Every Tuesday morning for 37 years, a woman named Ethel Lace went fishing in a small lake two miles from where she lived. One Tuesday, she got sloppy knocking back whiskey on her way there and was run over by a freight train. Death didn't stop Ethel from fishing, though. She still goes, every Tuesday morning, in a different form. She's not a ghost who's out to haunt—she's a ghost who likes to fish. People at the lake feel her as she chills their skin, and they hear her casting her line.
Ghosts like Ethel are all around us, barely out of reach—sitting in empty chairs, standing by beds, walking through halls and streets. They could be there guarding loved ones, or they could be previous occupants of the place, souls with unfinished business like catching fish. If we're open to them, they can be felt. They're not ghosts who haunt—they're just a presence not of this earth.
The songs of North Carolina band the Avett Brothers are open to this presence. In their quieter, reflective, harmonized, and lyrical moments, brothers Seth and Scott Avett emit a pureness that makes your hair stand on end. These are songs for departed souls who are still here. It's not sad music, it's just folk and bluegrass with voices that aren't of this earth. These acoustic sounds resonate with complete transparency. The Avetts play and scream with louder rock and roll, but that doesn't rub through to the afterlife. It's songs like "Murder in the City," "Head Full of Doubt/Road Full of Promise," and "I and Love and You" that are sung for the Ethels of the otherworld. Scott Avett sings, "When I leave your arms/The things that I think of/No need to get over-alarmed/I'm coming home." Got the chills?
Seth Avett spoke from his North Carolina home. He may or may not have been fishing.
Do the Avett Brothers believe in ghosts?
I think there are spirits, yes. I try not to mess with them much.
Are there many haunted places in Concord, North Carolina, where you live?
That's up for interpretation.
You and Scott grew up on a farm in Concord, near Charlotte?
Well, it wasn't so much a traditional farm like you'd think. We weren't harvesting crops to live on and sell. Our dad was a welder and ran a welding business. We did grow things, and had some animals and some land, but it wasn't all we did.
Did you ever help deliver any baby cows or horses?
[Laughs] Yes. There was one time I helped deliver a horse.
With afterbirth and stuff?
I guess that's part of the territory.
And you guys are NASCAR fans, right?
I like it and respect it, but I'm not a fanatic like some people. We grew up close to where the Charlotte Motor Speedway is. NASCAR is a huge part of life around here. It's a big business. People love it. It's a great sport. Great competition. Incredible to watch.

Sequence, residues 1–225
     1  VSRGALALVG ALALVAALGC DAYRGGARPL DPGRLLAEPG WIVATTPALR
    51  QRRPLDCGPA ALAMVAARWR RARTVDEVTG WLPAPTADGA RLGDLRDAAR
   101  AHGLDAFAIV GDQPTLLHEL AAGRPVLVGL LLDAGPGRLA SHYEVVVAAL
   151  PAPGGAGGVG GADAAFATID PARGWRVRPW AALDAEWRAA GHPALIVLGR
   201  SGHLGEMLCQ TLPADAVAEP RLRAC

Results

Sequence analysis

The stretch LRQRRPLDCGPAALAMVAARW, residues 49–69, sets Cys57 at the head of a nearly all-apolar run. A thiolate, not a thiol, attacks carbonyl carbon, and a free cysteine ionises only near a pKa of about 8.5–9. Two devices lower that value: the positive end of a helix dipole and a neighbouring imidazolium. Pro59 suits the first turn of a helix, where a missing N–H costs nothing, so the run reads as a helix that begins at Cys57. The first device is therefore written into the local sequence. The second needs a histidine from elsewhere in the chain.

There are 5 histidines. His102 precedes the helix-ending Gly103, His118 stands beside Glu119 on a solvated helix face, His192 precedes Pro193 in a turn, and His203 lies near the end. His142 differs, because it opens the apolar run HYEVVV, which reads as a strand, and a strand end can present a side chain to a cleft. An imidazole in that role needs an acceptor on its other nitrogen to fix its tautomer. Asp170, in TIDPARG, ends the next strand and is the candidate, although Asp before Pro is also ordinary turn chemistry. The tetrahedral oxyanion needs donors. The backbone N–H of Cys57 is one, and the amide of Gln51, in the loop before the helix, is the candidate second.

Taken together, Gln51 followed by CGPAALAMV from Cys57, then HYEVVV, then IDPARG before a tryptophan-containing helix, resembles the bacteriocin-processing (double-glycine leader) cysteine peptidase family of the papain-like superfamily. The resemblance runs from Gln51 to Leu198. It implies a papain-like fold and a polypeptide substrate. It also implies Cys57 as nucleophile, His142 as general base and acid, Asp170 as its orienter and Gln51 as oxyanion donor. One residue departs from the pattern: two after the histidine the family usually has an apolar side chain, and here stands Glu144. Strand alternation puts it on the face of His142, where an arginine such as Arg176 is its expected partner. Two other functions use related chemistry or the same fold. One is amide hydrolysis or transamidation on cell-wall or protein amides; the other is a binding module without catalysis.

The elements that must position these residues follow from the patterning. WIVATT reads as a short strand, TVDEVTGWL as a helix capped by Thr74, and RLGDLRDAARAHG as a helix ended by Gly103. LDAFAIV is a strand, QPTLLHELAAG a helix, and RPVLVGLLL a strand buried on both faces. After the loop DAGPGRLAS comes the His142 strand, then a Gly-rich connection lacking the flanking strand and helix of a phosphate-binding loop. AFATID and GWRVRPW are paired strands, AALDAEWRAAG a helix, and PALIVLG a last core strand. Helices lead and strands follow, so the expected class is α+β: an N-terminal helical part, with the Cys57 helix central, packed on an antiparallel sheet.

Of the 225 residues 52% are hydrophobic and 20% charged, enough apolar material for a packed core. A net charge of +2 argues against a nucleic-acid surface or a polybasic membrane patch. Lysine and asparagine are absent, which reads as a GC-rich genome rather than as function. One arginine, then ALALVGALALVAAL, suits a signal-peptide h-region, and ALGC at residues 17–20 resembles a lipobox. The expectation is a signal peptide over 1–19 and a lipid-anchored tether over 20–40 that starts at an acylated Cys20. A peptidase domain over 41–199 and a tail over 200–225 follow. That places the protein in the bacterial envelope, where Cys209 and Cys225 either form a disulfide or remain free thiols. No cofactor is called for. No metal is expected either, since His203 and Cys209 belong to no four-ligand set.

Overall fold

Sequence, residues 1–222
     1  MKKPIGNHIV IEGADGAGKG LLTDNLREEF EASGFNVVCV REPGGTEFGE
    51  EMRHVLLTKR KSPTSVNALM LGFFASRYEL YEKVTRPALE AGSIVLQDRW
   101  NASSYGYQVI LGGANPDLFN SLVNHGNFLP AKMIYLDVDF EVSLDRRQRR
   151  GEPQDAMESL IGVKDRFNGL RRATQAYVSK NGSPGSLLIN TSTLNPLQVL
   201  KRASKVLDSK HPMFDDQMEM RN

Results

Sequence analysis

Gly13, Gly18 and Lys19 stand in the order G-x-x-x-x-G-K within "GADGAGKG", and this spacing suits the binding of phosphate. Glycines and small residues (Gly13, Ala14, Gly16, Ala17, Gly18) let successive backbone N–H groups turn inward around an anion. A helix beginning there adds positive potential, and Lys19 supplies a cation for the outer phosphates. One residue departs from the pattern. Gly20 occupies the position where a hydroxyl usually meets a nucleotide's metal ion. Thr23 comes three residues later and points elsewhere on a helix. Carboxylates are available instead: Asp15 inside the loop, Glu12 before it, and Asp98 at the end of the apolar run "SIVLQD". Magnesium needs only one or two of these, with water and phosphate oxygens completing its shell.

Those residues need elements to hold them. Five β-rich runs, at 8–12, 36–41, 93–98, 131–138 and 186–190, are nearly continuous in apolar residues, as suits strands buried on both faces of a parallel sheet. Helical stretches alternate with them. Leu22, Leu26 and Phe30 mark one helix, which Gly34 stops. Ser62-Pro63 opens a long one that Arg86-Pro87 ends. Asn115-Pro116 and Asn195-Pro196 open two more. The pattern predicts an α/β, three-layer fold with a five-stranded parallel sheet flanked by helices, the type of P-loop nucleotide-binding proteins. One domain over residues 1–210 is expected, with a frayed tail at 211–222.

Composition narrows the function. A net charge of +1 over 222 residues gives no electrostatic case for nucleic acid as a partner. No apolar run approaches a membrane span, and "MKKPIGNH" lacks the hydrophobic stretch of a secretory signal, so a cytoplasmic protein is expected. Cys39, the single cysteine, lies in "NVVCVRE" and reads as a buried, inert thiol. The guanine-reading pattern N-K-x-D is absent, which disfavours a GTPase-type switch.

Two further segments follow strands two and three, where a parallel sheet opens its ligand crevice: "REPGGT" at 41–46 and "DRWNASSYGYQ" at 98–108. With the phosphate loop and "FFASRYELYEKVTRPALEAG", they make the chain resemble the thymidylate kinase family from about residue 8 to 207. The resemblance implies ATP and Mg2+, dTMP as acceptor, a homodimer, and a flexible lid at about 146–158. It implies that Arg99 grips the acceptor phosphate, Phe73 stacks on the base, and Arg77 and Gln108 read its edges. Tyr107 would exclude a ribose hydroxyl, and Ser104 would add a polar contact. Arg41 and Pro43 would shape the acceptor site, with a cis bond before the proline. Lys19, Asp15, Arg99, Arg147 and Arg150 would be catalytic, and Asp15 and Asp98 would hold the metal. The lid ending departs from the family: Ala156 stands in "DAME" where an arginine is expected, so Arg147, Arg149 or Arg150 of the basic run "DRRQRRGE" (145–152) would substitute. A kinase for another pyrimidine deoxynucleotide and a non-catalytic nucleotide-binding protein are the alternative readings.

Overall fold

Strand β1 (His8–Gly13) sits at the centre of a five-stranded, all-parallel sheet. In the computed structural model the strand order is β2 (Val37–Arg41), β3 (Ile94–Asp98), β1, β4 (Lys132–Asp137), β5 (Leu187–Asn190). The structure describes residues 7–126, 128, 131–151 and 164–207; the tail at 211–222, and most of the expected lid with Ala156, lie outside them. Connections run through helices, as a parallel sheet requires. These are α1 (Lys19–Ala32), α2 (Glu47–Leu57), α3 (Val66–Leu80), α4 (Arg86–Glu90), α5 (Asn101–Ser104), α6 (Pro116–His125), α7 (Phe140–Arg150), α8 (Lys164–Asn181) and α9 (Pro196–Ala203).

You ever been in one of those things? How fast do they go?
I haven't had the chance to get in one yet. I think they go around 200 miles per hour.
Talk about the show y'all are going to play that's getting simulcast at the Charlotte Motor Speedway.
We're playing at Red Rocks Amphitheatre in Colorado, and they're going to simulcast the show on the big Jumbotron screen inside the speedway. They say the screen is the world's largest HDTV. They're going to have concert-grade speakers, and people are going to be able to watch from the infield of the raceway. We're really honored. Growing up, like I said, the Charlotte Motor Speedway was such a big deal to us and the area. It's exciting. That's where we're from.
Will there be a race going on during the concert? That would make it exciting. People could watch you guys and be dodging cars going 200 miles per hour. Fun for the whole family.
I don't think they've thought about having an actual race go on. You're right, that would make it interesting. We like for people to be able to watch and hear us and not have to dodge cars traveling at high speeds. Or low speeds.
What if only kids under 10 years old could drive? Come on, let's do this.
Interesting twist. I still don't think it would work. Don't mean to come down on your idea.
In your song "I and Love and You," you say that "I and love and you" are three words that became hard to say. Why was that? Why are they three words that were hard to say?
Over time, some things can beat you down if you let them. Those words become harder to say the further away you get from yourself. But if you can remember what they mean, there's strength there. They're how we end our phone calls and our letters. At the bottom of a page, they carry a weight. Sometimes they're hard to remember, but we have to know they're there.